Have you posted your date of birth and birthplace on any of your social networks? If so, you may have provided enough information for hackers to figure out your Social Security number. Well, in theory, anyway. Researchers at Carnegie Mellon University have successfully devised a way to guess a person's Social Security number using statistical analysis.
Carnegie Mellon researchers Alessandro Acquisti and Ralph Gross say the Social Security numbering system combined with the widespread use of S.S.N.s as an identifying number has created an "architecture of vulnerability," and is an unexpected consequence of the availability of basic personal information and modern computing power. The study will be presented on July 29 at this year's Black Hat security conference in Las Vegas.
Acquisti and Gross determined that the problem lies in how Social Security numbers are constructed. Every S.S.N. has three parts: area number (AN); group number (GN); serial number (SN). All three components can be predicted based on the probable location of your residence at the time your S.S.N. was applied for. This is possible since the sequence of ANs and GNs for each state are publicly available online, and SNs are assigned in consecutive order.
The researchers tested their theory of guessing S.S.N.s against the Social Security Administrations Death Master File. The DMF is a publicly available database that lists the S.S.N.s of people who have died.
While the success rate for predicting S.S.N.s was relatively low, the researchers were able to correctly guess numbers nationwide for people born before 1989, 0.08 percent of the time in fewer than a hundred tries.
The simplest numbers to predict, however, were those assigned in smaller states and to people born after 1988. The reason is that as of 1989, Social Security numbers were assigned according to the Enumeration at Birth initiative, where people received their Social Security number at birth. The EAB increased the chance of identifying an S.S.N. dramatically since a person's birthplace and location at the time the S.S.N was applied for were guaranteed to be identical. In addition, a smaller state population automatically reduces the number of S.S.N.s available making a correct guess more probable.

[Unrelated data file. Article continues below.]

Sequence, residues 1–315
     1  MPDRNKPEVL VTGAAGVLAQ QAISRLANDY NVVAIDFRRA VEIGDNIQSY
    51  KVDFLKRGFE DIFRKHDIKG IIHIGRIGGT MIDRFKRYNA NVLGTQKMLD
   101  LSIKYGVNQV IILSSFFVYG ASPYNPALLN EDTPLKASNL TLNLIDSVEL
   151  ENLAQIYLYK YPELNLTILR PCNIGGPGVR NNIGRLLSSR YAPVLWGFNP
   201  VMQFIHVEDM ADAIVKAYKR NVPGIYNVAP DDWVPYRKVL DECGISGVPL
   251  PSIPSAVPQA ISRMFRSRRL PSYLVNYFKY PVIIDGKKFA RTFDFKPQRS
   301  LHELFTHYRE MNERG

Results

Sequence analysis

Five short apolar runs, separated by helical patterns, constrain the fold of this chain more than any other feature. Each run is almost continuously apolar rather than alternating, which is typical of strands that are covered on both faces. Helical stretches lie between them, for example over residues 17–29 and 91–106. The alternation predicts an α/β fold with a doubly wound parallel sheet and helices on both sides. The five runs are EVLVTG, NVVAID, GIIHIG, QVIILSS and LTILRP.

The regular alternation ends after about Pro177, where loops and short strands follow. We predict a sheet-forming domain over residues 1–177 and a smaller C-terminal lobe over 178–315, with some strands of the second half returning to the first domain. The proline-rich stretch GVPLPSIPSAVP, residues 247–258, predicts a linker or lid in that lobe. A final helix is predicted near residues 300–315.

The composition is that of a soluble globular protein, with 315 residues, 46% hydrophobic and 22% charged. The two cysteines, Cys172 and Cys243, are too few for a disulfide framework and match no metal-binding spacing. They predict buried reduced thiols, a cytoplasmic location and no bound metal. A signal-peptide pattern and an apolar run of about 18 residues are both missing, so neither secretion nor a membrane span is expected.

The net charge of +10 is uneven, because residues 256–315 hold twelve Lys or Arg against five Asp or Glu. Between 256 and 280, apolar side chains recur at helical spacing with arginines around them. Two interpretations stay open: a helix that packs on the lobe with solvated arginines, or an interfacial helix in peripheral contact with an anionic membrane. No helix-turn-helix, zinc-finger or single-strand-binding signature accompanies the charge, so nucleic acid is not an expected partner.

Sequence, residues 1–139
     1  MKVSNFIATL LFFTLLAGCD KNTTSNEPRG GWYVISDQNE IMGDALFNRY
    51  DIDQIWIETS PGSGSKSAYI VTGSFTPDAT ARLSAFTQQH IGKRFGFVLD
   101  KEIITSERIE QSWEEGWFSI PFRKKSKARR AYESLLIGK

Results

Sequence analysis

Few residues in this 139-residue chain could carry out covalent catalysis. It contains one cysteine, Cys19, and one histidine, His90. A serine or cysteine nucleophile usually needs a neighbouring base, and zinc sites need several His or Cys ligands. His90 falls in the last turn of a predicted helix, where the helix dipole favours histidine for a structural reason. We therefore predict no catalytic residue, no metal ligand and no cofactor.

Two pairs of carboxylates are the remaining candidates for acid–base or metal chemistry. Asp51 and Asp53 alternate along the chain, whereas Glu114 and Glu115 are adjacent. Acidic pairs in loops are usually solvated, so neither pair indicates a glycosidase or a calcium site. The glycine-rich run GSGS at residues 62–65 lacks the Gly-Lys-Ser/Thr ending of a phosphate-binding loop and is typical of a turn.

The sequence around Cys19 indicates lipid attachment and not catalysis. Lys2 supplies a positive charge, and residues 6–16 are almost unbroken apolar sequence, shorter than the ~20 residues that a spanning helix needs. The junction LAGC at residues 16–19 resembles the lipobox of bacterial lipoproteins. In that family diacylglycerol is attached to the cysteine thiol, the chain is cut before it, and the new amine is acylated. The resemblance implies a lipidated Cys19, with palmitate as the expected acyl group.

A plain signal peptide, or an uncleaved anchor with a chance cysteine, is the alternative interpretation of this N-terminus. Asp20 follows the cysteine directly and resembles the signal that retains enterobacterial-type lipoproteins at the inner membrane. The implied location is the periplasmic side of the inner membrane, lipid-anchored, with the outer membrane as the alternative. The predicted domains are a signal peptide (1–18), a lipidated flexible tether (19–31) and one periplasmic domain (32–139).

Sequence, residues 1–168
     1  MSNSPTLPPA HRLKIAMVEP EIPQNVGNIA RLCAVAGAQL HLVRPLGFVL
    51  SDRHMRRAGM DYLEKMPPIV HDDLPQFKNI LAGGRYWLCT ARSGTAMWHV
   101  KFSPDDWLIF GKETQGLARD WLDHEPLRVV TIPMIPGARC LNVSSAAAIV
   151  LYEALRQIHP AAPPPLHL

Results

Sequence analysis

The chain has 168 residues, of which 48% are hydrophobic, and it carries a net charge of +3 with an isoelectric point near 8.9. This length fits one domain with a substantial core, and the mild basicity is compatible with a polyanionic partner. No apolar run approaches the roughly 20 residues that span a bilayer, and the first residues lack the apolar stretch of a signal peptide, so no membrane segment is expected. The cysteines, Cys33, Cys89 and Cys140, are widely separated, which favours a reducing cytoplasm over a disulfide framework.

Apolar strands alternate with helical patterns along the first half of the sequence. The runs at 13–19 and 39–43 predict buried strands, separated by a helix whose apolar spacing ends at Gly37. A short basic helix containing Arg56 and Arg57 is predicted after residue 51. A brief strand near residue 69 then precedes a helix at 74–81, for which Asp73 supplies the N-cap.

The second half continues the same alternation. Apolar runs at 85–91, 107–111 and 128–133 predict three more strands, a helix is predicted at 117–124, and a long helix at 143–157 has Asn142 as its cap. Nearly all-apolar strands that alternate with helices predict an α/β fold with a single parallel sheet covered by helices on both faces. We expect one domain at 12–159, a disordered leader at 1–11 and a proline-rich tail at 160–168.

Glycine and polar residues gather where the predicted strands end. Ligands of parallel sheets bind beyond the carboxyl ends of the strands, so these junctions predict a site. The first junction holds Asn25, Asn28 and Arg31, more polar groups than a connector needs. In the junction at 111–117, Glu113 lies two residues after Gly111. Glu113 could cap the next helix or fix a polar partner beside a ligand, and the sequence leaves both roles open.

One striking finding for instance was that the Carnegie Mellon researchers were able to identify one out of 20 complete S.S.N.s in less than ten attempts for people born in Delaware in 1996. The researchers also found they could correctly identify the first five digits of an S.S.N. of anyone in a single try 44 percent of the time for individuals born between 1989 and 2003.
Despite their results, Acquisti and Gross caution that their method of harvesting S.S.N.s could only be imitated by sophisticated hackers. In one such scenario, the researchers discuss how criminals with the right algorithm to guess S.S.N.s for males born in West Virigina in 1991 and a rented botnet containing at least 10,000 IP addresses (zombie computers), could successfully obtain the S.S.N. of as many as 47 people per minute. The circumstances would have to be ideal and run according to a wide range of variables put forward by Acquisti and Gross, but the research does suggest large scale identity harvesting would be possible with just two pieces of basic personal information.
So what is the answer now that the S.S.N. flaw has been proven? Acquisti and Gross argue that the tradition of using your S.S.N. as a personally identifying number for private transactions such as opening a bank account or signing up with a cell phone provider should be substituted for a more secure system of identification.
Using the S.S.N. as a means for personal identification is a procedure the Social Security Administration has warned against for years. However, SSA representative Mark Lassiter told The New York Times that the Carnegie Mellon Research is not a cause for alarm. Lassiter said it would be a "dramatic exaggeration" to suggest the researchers have "cracked a code" for discovering S.S.N.'s. Lassiter also said the SSA will be assigning numbers using a randomization system beginning next year.
If you're concerned about protecting your identity online, check out PC World's "Guide to Protecting your Online Identity."
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